Homemade Thousand Islands Dressing

This dressing is particularly good when served with plain lettuce salad, with lettuce and tomatoes, with lettuce, tomatoes, and cucumbers, or with any other plain-vegetable salad.


• 1 cup mayonnaise
• 2 Tb. chopped green pepper
• 1/4 tsp. chilli sauce
• 1 Tb. chopped onion
• 2 Tb. chopped pimiento
• 1 hard-cooked egg (chopped fine)

  • Into the mayonnaise stir the chilli sauce, pimiento, pepper, and onion, and lastly, add the hard-cooked egg chopped into fine pieces. <>
  • <>Chill and serve.

Not all the ingredients need to be added if you don’t like them or it is inconvenient to do so, still the dressing is better when they are all used.

Mayonnaise is a basis for this dressing and by adding it to the ingredients listed here, a very delightful salad dressing, is the result.

In the 1950s, Thousand Island dressing became a standard condiment, used on sandwiches and salads alike. It is widely used in fast-food restaurants in America. Thousand Island dressing is commonly used on hamburgers; in particular, McDonald's Big Mac sauce is a form of Thousand Island Dressing with mustard.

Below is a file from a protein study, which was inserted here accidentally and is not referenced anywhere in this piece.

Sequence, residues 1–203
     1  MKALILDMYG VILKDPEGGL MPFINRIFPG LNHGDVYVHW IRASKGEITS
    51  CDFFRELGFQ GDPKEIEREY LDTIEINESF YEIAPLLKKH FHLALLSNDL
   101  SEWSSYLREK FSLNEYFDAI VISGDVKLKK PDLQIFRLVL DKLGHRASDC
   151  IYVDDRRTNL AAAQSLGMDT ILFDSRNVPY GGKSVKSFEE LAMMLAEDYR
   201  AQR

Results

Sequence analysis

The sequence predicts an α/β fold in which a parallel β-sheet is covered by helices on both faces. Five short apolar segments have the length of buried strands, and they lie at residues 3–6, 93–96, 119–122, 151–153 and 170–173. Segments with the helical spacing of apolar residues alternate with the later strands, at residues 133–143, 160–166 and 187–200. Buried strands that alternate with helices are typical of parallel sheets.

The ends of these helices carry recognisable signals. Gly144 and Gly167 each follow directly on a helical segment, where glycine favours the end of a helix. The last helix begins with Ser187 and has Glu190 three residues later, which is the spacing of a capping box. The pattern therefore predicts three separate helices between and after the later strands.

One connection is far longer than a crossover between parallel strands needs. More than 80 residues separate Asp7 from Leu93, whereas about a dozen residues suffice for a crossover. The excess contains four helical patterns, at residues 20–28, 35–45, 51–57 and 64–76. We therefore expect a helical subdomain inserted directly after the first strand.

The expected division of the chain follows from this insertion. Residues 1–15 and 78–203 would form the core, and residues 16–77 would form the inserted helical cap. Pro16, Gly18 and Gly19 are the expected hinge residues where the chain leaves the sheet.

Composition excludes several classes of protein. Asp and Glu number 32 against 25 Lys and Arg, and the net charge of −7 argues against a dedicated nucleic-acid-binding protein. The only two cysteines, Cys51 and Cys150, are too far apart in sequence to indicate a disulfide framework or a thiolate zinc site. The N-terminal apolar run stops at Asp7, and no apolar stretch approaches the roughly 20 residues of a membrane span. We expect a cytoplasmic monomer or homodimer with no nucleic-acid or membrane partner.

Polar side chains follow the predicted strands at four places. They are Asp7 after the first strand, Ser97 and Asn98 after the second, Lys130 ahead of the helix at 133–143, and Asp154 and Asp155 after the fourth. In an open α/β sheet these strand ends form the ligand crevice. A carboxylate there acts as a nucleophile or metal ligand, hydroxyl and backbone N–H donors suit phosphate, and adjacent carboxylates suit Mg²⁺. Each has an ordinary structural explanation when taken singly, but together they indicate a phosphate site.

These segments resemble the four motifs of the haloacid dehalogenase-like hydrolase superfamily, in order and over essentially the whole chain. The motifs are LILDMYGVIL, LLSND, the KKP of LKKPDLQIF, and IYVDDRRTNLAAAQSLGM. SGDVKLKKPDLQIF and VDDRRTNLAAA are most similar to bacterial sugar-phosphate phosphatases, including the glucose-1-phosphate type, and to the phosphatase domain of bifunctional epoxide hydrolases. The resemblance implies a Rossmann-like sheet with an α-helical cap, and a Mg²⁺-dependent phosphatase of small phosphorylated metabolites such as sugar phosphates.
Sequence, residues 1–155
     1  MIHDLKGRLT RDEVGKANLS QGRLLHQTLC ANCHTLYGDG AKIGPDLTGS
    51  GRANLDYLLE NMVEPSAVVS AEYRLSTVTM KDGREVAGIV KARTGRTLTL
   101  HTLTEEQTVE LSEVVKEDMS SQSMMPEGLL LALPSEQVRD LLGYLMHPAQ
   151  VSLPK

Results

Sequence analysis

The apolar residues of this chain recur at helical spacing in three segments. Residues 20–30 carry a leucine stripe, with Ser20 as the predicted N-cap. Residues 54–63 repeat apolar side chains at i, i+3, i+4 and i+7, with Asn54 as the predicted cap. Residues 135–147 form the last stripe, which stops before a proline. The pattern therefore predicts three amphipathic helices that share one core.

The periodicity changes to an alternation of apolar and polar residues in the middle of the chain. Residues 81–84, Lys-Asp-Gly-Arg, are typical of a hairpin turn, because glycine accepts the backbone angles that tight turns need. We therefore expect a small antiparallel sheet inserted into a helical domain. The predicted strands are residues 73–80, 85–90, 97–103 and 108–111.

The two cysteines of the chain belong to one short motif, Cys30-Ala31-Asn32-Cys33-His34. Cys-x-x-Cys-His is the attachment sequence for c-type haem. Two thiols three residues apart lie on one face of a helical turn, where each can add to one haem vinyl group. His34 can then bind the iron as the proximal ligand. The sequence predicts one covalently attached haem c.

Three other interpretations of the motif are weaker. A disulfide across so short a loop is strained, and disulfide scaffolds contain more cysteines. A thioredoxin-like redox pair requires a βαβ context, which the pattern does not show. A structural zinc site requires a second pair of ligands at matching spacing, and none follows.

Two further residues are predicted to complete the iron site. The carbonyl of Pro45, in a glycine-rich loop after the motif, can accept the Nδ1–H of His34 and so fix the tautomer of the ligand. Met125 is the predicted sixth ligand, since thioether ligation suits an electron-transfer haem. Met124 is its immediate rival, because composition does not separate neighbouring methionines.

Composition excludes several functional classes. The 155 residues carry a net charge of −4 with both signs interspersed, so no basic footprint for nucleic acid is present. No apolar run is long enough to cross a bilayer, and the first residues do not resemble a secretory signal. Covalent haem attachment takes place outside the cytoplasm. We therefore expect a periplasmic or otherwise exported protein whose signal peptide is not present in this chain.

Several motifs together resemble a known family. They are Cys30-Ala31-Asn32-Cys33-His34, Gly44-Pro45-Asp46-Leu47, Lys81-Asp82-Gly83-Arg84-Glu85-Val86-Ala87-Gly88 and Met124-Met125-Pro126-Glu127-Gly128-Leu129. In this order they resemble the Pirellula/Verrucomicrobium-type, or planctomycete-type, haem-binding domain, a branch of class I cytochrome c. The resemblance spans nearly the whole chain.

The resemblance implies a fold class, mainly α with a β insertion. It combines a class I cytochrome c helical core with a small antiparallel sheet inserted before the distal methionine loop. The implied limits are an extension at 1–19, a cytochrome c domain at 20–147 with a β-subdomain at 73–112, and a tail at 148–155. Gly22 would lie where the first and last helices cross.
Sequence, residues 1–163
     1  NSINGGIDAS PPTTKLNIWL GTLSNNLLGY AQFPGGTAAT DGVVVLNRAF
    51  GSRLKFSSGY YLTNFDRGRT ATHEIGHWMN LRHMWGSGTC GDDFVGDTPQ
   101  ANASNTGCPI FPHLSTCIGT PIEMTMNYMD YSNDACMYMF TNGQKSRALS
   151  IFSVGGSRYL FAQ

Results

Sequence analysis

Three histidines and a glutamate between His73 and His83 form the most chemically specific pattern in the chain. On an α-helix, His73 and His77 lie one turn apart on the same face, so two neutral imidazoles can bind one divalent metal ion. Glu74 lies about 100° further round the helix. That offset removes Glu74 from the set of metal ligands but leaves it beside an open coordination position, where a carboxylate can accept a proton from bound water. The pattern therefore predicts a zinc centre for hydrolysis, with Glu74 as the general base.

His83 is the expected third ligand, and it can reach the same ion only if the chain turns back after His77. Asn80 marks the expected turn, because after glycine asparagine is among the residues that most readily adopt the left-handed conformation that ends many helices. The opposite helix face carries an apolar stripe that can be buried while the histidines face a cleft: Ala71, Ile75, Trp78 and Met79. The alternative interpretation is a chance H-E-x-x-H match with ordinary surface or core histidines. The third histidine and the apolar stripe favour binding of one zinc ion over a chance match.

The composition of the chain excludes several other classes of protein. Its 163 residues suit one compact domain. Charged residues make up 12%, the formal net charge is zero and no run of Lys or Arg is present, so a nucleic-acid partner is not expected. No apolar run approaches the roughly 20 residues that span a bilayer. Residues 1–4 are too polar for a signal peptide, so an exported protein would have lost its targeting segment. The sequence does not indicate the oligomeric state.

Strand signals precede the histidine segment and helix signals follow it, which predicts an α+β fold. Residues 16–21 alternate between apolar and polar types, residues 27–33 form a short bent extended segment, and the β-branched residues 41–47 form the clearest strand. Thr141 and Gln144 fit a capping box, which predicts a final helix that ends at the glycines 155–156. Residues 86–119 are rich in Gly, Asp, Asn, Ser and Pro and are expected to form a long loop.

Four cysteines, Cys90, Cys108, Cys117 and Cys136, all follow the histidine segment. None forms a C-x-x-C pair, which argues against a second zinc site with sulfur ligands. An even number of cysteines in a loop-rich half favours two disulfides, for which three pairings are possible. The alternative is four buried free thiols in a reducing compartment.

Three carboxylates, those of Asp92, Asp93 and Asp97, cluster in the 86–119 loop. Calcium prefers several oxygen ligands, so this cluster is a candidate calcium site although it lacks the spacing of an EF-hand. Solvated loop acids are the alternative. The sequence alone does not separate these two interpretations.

Real Cooking

Did You Know?
There are multiple conflicting stories about origins of Thousand Islands dressing:

1. A fishing guide's wife, Sophie Lalonde, gave the recipe to an actress, who in turn gave it to another Thousand Islands summer resident, George Boldt, who was building the unfinished Boldt Castle in the area. Boldt, as proprietor of the Waldorf-Astoria Hotel, instructed the hotel's maître d'hôtel, Oscar Tschirky, to put the dressing on the menu.

2. Sophia LaLonde invented it at Chicago's Blackstone Hotel in 1910[2] substituting mayonnaise for the yogurt used in Russian dressing, and added pickle relish, chives and sometimes chopped hard-boiled eggs. The dressing was popularized by one of her dinner guests, actress May Irwin, who gave the condiment its name, after LaLonde's home, the Thousand Islands region of upstate New York and Eastern Ontario.

3. The name refers to the multitude of small specks of pickle usually found in the dressing.